Articles Posted in Maintenance

Venue and motions to change venue in Wisconsin courts are governed by the statutes found at Wis. Stats. § 801.50 through § 801.64. Those statutes apply to family law cases through §767.201 and the related residency requirements of § 767.301.

Family law cases, however, are unique in their continuing nature. While most types of cases are finalized after entry of judgment (except, of course, for appeal remands and sometimes enforcement issues), family law cases frequently require the court’s continuing action after entry of judgment for modification of placement or custody, modification or termination of child support, maintenance issues, placement enforcement, etc. As families move around the state in our mobile society, venue issues often arise: which county is most convenient for the parties, where is most of the relevant information located, etc.

The family code, § 767.281, provides a simple way to change venue for post-judgment modification and enforcement motions, petitions, and orders to show cause. With the title, “Filing procedures and orders for enforcement or modification of judgments or orders,” one might not expect this statute to provide a useful mechanism for transferring a post-judgment family case to a more convenient or appropriate county, which perhaps explains why the statute and procedure are little used or understood. But in an appropriate case, this statute can simplify and streamline procedures as families move around the state.

Last year, in the context of divorce, we blogged about enforcement of and challenges to the property division provisions of a marital property agreement, or prenup. Under Wisconsin law, courts must presume that these provisions are valid and enforceable unless the prenup is shown to be inequitable. Caselaw, beginning with Button v. Button, has interpreted the meaning of “inequitable” under these circumstances.

But the analysis is different for prenup provisions regarding maintenance (alimony) at divorce. While property division provisions are governed by Wis. Stat. § 767.61, maintenance provisions are governed by Wis. Stat. § 767.56(1c)(h). That statute provides that an agreement “concerning any arrangement for the financial support of the parties” is a factor the trial court must consider in making a maintenance decision. A prenup thus is just one factor regarding maintenance to be considered by the trial court, along with other factors such as the length of the marriage, the parties’ earning capacity, etc. The factors are listed at Wis. Stat. § 767.56(1c), along with the catch-all “such other factors as the court may in each individual case determine to be relevant.”

The difference is significant. Regarding property division, the burden is on the spouse who is challenging the prenup to show that it is inequitable; if the spouse cannot make such a showing, the inquiry ends and the terms of the prenup are enforced. Regarding maintenance, there is no presumption, no shifting of the burden between spouses; rather, the trial court weighs the evidence and exercises its discretion in determining maintenance. The focus is not on the prenup itself, but on the prenup in the context of the statutory maintenance factors and the twin maintenance objectives, support and fairness. See, e.g., Hefty v. Hefty.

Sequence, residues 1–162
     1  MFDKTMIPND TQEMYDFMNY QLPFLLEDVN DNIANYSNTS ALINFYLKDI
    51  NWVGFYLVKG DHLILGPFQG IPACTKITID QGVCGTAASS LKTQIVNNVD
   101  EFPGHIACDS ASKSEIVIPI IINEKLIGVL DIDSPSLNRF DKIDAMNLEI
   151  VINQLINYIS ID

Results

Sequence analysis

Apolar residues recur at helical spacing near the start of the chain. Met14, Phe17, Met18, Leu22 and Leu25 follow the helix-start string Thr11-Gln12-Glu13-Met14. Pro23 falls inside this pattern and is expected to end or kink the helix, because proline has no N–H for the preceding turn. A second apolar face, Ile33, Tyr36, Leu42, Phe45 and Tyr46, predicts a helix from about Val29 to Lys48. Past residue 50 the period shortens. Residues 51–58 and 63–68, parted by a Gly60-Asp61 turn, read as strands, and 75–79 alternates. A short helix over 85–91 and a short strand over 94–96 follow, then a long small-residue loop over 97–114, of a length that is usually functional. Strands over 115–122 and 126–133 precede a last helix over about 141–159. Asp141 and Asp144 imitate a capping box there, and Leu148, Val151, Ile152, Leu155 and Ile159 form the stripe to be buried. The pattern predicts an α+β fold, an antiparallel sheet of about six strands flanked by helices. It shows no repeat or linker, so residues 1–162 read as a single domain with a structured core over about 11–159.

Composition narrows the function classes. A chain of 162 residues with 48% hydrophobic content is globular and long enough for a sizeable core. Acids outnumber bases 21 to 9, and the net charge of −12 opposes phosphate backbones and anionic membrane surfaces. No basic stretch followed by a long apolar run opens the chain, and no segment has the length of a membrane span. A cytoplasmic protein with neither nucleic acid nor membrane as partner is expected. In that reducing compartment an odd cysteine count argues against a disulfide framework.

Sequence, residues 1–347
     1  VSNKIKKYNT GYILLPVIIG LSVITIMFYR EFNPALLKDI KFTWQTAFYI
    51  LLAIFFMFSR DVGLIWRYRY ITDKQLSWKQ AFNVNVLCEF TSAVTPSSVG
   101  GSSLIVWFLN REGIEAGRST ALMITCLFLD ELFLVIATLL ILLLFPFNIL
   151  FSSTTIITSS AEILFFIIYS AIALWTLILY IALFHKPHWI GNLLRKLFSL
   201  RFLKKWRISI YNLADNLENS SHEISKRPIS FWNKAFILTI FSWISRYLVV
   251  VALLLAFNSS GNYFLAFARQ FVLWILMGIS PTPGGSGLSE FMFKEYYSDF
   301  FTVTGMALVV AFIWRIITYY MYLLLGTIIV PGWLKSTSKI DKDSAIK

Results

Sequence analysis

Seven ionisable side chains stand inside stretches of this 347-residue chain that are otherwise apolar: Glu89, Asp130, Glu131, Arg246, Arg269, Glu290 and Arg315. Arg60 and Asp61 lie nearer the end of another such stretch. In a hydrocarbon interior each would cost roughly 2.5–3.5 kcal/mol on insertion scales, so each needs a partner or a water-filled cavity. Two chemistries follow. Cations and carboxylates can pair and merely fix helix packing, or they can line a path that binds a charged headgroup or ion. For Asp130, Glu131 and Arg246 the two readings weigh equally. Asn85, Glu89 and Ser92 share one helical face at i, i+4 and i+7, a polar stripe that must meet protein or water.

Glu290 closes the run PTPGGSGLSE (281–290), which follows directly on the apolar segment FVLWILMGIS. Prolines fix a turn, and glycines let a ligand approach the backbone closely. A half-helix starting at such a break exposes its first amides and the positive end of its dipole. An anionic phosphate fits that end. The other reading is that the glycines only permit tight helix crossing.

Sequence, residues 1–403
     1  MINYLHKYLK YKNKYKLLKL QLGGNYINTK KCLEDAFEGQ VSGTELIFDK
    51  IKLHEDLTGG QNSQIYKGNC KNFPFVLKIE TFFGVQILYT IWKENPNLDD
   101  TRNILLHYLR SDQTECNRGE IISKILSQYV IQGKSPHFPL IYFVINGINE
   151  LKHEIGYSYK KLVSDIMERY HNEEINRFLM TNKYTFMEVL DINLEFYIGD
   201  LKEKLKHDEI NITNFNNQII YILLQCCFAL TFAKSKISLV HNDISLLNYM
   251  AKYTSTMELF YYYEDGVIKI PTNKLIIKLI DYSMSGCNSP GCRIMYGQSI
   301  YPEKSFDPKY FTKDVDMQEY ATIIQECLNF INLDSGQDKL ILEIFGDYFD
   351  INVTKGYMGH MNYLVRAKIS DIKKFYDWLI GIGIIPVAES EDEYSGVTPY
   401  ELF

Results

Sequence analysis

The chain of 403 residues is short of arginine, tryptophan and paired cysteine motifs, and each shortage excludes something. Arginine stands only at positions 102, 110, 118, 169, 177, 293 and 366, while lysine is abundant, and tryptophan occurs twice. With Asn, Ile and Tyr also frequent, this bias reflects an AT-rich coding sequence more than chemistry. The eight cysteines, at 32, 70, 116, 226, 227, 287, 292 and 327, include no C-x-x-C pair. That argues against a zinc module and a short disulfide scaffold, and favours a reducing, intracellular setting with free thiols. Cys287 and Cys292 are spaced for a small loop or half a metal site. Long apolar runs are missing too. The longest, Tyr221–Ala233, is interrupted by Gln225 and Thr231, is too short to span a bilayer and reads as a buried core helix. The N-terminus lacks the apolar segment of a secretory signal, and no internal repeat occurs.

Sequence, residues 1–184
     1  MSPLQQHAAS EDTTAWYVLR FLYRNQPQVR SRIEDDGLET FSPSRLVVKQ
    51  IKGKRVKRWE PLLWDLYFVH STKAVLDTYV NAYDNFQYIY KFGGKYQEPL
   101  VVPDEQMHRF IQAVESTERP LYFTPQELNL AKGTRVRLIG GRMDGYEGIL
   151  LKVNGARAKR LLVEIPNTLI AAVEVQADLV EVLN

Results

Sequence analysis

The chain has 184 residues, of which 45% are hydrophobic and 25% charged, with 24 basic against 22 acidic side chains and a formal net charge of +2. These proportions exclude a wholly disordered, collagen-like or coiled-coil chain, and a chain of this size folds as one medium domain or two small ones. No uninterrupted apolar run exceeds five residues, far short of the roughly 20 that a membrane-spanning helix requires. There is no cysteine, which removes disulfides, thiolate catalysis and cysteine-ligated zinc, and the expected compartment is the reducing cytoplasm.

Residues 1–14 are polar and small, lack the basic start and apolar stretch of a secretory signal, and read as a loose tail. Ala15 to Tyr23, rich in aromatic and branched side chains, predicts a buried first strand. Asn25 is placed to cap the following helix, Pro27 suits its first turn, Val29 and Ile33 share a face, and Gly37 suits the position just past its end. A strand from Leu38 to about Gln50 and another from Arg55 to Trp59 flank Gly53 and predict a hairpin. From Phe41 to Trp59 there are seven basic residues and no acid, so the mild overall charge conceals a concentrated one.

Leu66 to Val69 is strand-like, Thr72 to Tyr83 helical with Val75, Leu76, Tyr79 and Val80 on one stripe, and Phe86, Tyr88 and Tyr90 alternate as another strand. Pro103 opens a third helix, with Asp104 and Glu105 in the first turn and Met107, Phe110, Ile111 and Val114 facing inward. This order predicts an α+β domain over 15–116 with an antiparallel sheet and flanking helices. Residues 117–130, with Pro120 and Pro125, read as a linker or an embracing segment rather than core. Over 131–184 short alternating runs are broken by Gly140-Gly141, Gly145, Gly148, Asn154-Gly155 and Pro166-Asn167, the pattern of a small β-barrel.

About once a year here at Wessel, Lehker & Fumelle we encounter an opposing party who is intent on hiding income. A party’s income, of course, is highly relevant information for purposes of setting maintenance (alimony), establishing child support, or changing the amount of maintenance or child support. Some support payers are working on perfecting the art of hiding or disguising income or assets, treating the support recipient much like they probably treat the IRS.

The signs are often fairly obvious. A party may report an income that barely covers expenses, yet take lavish vacations or acquire expensive toys. Or a party, often self-employed, may report an income that is substantially lower than it was before the parties split. Sometimes a party reports the former partner’s penchant for half-truths and misrepresentation. A party’s exhaustive or creative opposition to reasonable financial disclosure may signal interesting records.

Fortunately, the statutes authorizing access to information are broad in Wisconsin. Wisconsin Statutes Chapter 804 authorizes discovery of all “relevant” information, whether or not it is actually admissible at trial. And courts have little tolerance for parties who play loose with the facts. Once we can show some manipulation or lack of candor, courts are often willing to authorize a deeper investigation or impute income. We have also found that when the opposing party realizes that we are not simply going to accept the represented income as the whole truth, a reasonable settlement suddenly becomes more attractive.